Cover image for 47 down : the 1922 Argonaut Gold Mine Disaster
47 down : the 1922 Argonaut Gold Mine Disaster
Mace, O. Henry.
Personal Author:
Publication Information:
Hoboken, N.J. : J. Wiley, [2004]

Physical Description:
xiv, 273 pages : illustrations ; 23 cm
Electronic Access:
Table of contents
Format :


Call Number
Material Type
Home Location
Item Holds
TN423.C2 M24 2004 Adult Non-Fiction Central Closed Stacks

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Advance Praise for 47 Down

"A gripping mystery story: Will the men trapped deep underground in a mine by fire be reached by rescuers in time? And why do these mining disasters occur, and reoccur, in our nation's history?"
-Gerald M. Stern, author of The Buffalo Creek Disaster

"This is as much a story about journalism as it is about a mine disaster. Women reporters assigned to chronicle the human side were called 'sob sisters' for their ability to evoke emotion with words. O. Henry Mace pays tribute to the tenacious and creative Ruth Finney, whose storytelling skills framed the story for decades after her passing and established her as one of the early giants among women in journalism."
-Eleanor Clift, contributing editor, Newsweek

"Most disaster books are predictable and dry, but O. Henry Mace's 47 Down, the story of the 1922 Argonaut mining tragedy, is, quite simply, one of the best disaster books to come along in years. Mace's taut, lyrical, intelligent prose combined with his thorough research and his film director's eye for detail and focus make 47 Down as compelling as The Perfect Storm and as memorable as Young Men and Fire. Mace takes the reader inside the Argonaut mine shaft and doesn't let go. This is a necessary book."
-Denise Gess, coauthor of Firestorm at Peshtigo

Author Notes

O. Henry Mace has written on western history and has put together collector's guides on both early photographs and Victoriana

Reviews 1

Publisher's Weekly Review

This volume details the fire in the main shaft of a Jackson, Calif., Argonaut gold mine, which trapped 47 miners 4,650 feet below ground in the summer of 1922. It took rescuers three weeks to get to where the miners were trapped by the fire as family members and friends, co-workers, the press and countless Americans awaited word of the foregone conclusion. Mace researched the mine fire for seven years; his dedication pays off in a well-rounded examination of the fire and the mining industry. Even without coming to a conclusion about which rescue plan would have given the miners the best chance of survival, he thoroughly explores the scientific and structural implications of each course of action complete with diagrams, technical data and testimony from those involved. Though Mace never really steps outside the facts long enough to capture the experience of the trapped miners, his intimate portraits of the miners' families, mine employees and, especially, journalist Ruth Finney, explore the countless ways the mining disaster changed those who were close to it. Mace also smoothly connects the fire and the mining town of Jackson with bigger American and world affairs like the war in Europe, immigration, Prohibition, advances in communication and the growth of women's rights. Mace may not have hit the "Mother Lode," but his tireless digging has certainly uncovered a forgotten nugget of Californian and American history. Photos. (May) (c) Copyright PWxyz, LLC. All rights reserved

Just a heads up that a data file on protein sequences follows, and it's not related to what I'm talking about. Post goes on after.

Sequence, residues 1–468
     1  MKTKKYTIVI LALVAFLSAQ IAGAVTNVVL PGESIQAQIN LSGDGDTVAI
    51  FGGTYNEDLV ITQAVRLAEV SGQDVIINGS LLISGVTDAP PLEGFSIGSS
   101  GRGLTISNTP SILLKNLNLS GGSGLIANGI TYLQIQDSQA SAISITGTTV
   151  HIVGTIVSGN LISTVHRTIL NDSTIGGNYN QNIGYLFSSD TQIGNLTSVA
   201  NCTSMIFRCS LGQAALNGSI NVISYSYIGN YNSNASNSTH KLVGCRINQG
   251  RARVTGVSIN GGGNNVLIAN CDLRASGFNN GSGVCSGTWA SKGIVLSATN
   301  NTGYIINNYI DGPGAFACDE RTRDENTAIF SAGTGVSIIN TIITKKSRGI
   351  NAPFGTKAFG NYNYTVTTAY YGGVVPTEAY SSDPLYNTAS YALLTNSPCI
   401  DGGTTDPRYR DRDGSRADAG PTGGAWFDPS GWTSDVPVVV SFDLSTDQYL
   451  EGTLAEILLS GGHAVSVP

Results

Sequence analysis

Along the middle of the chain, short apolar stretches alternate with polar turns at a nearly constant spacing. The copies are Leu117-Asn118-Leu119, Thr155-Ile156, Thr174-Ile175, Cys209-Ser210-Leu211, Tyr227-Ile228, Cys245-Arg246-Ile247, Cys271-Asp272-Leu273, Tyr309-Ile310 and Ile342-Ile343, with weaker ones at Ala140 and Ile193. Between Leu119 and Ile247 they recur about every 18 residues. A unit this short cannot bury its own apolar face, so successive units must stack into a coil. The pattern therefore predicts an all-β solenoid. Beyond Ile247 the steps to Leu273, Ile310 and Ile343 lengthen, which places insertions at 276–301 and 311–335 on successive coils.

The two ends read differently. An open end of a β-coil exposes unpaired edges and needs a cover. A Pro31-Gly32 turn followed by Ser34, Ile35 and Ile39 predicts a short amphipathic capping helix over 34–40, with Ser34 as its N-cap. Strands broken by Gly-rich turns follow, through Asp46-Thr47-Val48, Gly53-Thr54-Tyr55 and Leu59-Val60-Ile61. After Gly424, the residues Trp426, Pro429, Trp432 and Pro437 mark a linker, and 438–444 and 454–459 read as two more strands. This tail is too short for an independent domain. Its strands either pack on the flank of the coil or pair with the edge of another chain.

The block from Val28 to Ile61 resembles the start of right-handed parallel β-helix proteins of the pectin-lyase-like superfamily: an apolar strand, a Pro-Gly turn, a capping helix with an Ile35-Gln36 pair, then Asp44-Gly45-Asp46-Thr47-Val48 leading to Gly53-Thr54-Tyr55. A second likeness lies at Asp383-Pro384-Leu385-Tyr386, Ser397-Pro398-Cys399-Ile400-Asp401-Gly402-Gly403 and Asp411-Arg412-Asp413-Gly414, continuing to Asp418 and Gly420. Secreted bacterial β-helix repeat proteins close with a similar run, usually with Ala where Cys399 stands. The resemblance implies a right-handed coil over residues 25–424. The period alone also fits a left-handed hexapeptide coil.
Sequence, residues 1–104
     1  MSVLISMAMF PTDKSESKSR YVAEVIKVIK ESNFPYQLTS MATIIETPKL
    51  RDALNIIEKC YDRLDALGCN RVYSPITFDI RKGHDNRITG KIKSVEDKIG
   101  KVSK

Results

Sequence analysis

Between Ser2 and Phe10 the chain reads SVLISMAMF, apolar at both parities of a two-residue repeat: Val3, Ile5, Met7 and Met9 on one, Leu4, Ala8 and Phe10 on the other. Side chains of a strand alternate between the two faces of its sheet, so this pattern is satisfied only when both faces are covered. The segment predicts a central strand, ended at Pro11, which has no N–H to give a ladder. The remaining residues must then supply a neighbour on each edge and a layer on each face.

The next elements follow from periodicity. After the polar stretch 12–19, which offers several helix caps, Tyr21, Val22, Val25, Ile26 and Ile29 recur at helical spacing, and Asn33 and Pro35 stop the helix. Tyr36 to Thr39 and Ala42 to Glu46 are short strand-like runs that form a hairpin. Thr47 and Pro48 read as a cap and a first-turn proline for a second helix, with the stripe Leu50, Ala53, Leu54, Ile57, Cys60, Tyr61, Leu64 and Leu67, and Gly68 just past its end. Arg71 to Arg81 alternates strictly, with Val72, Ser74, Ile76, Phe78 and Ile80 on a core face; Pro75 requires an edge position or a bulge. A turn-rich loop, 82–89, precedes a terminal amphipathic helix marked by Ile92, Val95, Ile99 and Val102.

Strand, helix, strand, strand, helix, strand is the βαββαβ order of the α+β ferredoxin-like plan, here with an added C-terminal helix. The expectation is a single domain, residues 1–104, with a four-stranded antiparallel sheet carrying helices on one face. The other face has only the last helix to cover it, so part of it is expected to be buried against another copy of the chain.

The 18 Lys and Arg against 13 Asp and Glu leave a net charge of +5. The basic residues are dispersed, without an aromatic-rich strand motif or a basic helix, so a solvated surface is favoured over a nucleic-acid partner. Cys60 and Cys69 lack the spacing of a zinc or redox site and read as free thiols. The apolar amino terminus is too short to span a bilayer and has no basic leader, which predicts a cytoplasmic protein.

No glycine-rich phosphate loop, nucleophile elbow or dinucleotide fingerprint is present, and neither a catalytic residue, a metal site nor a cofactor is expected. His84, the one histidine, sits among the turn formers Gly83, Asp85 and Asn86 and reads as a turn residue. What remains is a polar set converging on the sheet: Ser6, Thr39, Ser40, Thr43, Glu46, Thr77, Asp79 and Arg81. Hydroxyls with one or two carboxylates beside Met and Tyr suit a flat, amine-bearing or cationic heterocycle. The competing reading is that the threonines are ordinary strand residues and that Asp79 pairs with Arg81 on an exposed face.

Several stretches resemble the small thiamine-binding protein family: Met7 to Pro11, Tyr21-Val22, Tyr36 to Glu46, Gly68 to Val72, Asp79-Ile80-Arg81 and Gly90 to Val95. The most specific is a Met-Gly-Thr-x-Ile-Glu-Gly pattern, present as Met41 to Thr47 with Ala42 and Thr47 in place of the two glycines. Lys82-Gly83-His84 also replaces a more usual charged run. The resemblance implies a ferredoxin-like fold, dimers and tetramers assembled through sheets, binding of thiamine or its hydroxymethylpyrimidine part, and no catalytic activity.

Table of Contents

Prefacep. ix
Acknowledgmentsp. xiii
1 The Greatest Fearp. 1
2 Like the Frames of a Motion Picturep. 15
3 Their Worst Enemyp. 30
4 A Meeting of Mindsp. 43
5 The Cream of the Cropp. 58
6 In Her Dark, Frightened Eyesp. 79
7 Disappointments and Conflictsp. 103
8 Undercover Workp. 121
9 Breakthroughp. 136
10 The Hand of Fatep. 155
11 They Have Risenp. 172
12 Bound for the Same Placep. 185
13 Pointing Fingersp. 202
14 The Cause and the Costp. 218
15 A Dynamic Conclusionp. 236
The Forty-Sevenp. 253
Bibliographyp. 259
Indexp. 261